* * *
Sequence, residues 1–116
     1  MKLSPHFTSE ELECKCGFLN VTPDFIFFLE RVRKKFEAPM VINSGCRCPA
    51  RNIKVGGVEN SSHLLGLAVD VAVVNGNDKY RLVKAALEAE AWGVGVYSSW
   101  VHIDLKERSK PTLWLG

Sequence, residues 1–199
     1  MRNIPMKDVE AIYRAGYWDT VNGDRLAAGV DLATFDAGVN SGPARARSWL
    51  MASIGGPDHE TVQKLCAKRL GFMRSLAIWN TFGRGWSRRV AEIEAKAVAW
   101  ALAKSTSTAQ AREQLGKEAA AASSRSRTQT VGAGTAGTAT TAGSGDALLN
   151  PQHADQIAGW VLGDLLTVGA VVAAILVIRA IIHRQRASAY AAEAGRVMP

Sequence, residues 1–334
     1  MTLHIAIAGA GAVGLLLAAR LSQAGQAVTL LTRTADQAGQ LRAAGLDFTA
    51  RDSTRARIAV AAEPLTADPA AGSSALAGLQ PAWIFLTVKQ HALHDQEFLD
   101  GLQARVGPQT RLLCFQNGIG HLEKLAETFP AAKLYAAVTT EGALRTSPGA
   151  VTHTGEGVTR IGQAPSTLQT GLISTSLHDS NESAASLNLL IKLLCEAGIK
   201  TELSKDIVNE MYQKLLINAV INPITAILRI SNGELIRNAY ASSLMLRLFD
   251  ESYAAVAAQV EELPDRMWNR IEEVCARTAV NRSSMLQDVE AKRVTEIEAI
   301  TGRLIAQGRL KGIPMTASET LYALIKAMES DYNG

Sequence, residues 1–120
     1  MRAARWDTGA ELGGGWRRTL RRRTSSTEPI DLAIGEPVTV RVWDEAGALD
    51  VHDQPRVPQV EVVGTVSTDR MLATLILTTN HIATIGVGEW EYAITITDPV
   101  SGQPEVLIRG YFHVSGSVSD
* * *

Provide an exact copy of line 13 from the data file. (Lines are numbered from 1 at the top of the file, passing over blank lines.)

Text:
   101  GLQARVGPQT RLLCFQNGIG HLEKLAETFP AAKLYAAVTT EGALRTSPGA